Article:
Sir Walter did not write much like the leddy who wrote The Inheritance—pace the Shepherd—and still less did she write like the lady whose crowning glory is Emma. Consider for a well-spent moment the plot of that delightsome narrative. It may without exaggeration be said to consist of perfectly commonplace people in perfectly commonplace circumstances, to whom happen perfectly commonplace things. It is so very probable that once or twice it verges on improbability, just as vaulting ambition o’erleaps itself, or as a very straight person is prone to bend backward. “Emma Woodhouse, handsome, clever, and rich, with a comfortable home and happy disposition, seemed to unite some of the best blessings of existence; and had lived nearly twenty-one years in the world with very little to distress or vex her.” She is at the head of her father’s house, everybody knows, her mother being dead and her sister married. The Woodhouses are people of consideration, and Emma, with a particular propensity to match-making, takes great pains for the advantage of a silly, pretty friend of hers in a humbler way of life. Much of the interest results from these attempts and what becomes of them. Emma is forced, in the long run, to let the girl to whom she is attached marry the very man whom at first she kept her from marrying. She unexpectedly finds herself (or her consequence and money) beloved by a man whom she wished to love her friend; she herself almost falls in love with a man who cares for some one else; and ends by marrying the very man whom it would most have astonished her to think of marrying six months before. The various shifts by which all this is brought about have the verity and detail of life, and the onlooker cries bravissima to a writer who, with the help of no unusual character, except perhaps the slightly heightened comic mask of Mr. Woodhouse, can tease us out of thought as does Jane Austen. She has invested the commonplace with enduring charm. She can be quiet without being humdrum. In a word, Miss Austen chronicles the smallest of beer, and makes it sparkle like Mumm’s extra dry. Yet Emma—and (with qualifications) ex Emma Jane Austen—has as many dramatic complications as The Inheritance, if indeed it has not more. But how infinitely quieter are the tone and accent of the play! And the stage, how infinitely small! It is a “little bit (two inches wide) of ivory,” and the scenery is painted with the finest of brushes, as to which Miss Austen made only one mistake, namely, that it “produces little effect after much labor.”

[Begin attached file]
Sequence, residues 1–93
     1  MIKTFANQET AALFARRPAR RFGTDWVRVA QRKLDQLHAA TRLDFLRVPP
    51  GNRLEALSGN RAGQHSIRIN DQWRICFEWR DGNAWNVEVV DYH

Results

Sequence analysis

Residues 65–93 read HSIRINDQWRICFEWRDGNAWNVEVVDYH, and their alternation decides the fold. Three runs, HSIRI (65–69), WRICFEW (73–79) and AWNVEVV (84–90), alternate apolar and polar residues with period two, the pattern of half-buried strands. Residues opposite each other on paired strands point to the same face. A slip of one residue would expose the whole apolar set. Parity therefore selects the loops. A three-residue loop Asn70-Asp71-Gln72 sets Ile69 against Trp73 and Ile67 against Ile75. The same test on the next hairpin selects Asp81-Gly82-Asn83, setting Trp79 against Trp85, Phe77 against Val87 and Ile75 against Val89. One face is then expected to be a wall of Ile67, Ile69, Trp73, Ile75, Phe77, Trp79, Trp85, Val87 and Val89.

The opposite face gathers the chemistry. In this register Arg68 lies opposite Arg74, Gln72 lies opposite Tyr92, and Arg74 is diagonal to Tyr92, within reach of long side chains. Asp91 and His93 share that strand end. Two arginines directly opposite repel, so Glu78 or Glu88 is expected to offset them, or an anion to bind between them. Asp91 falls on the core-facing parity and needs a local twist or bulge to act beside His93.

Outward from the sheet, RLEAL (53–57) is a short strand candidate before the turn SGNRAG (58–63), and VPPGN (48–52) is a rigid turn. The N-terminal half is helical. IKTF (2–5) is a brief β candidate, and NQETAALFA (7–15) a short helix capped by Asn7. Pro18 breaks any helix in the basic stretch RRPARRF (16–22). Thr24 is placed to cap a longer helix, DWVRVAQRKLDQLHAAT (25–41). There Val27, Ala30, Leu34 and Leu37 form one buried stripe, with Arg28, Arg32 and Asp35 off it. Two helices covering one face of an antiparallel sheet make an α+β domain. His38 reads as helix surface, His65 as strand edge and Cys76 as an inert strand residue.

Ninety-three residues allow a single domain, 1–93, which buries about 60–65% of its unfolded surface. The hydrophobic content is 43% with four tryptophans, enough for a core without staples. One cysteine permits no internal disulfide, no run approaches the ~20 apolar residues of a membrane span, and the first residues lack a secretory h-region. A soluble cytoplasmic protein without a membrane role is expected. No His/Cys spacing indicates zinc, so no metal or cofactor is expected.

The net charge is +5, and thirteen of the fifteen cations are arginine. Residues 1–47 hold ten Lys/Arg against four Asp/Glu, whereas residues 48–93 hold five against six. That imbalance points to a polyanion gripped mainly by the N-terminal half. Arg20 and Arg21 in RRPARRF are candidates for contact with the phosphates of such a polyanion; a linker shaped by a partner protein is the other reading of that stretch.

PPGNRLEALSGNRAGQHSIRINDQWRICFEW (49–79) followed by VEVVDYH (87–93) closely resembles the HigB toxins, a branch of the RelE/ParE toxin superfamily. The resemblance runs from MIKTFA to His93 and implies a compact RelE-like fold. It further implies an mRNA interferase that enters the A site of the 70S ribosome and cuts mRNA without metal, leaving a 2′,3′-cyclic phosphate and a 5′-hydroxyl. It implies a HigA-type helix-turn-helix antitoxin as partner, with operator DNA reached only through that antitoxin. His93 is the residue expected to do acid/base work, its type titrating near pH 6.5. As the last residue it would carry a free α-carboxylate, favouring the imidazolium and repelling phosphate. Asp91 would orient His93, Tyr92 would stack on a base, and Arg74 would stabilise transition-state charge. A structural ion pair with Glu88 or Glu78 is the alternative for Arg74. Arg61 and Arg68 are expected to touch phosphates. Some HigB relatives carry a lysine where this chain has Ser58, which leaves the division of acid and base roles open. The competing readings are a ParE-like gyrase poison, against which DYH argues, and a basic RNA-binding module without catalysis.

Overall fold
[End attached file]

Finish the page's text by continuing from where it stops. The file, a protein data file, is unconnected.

What the pseudo-Austen of Scotland would have done with the materials of Emma is awesome to conjecture, but useful also as a means of critical comparison. She would, I am sure, have taken away what little sense Miss Bates ever had, and bestowed considerable sensibility upon Emma. Mr. Woodhouse would have had some droll disease peculiar to valetudinarians, and there might not improbably have been a Scotch cousin to recommend a few of the gruel. Wicked fashionables would have come down from London—vide Marriage, vide The Inheritance, vide Destiny—to flaunt their follies and vices before the morality of Hartfield and the rural ingenuousness of Highbury. Or else the reader would have been taken up to town with Frank Churchill when he went to have his hair cut, or with the John Knightleys—though not to Brunswick Square—and folly and fashion would have been shown in all the insolence of their native heath. It is easy to imagine a Ferrierized Miss Bates, vastly funny, we may be assured, but speaking two pages to her present one, and burlesqueing the Elton-pork scene out of all recognition. Jane Fairfax and Mr. Knightley would be triple prigs; and Knightley would be even more tiresome than he is in reality. The little group of old women round Mr. Woodhouse would be funny incredibilities, there would be a long rigmarole and mystery about Harriet Smith’s father, and the harmless Fairfax-Dixon dealings might, it is to be feared, be an intrigue of the deepest dye. But there is too much Ferrier in this mode of criticism. Let us hasten to be good-natured and add that, although a great part of this new, monstrous Emma would be grossly tedious and most of it improbable, another considerable portion could not fail—to go back to Miss Clavering’s word—of being screechingly laughable. Yet we should not care a button, when all was over, how long Mr. Woodhouse lived after the end of the book to keep Emma and Mr. Knightley out of Donwell, or what the word was that Frank Churchill placed before Jane Fairfax and she indignantly swept away unread. We do care very much in the real Emma, and Jane used to tell those who asked her, if they were worthy of confidence, that Mr. Woodhouse lived two years after his daughter’s marriage, and that the rejected word was p-a-r-d-o-n. There may be, by the way, discreet and uninformed ones who would like to know that Miss Steele did secure the doctor at last, and that “the considerable sum” given by Mrs. Norris to William Price was—one pound. It is grievous to think that Miss Austen could not have been there at Lyme on the day when the Laureate, having been very carefully shown where the Duke of Monmouth landed, made answer that he should far rather be conducted to the exact spot where Louisa Musgrove fell. Miss Ferrier’s people and places have no such hold upon us.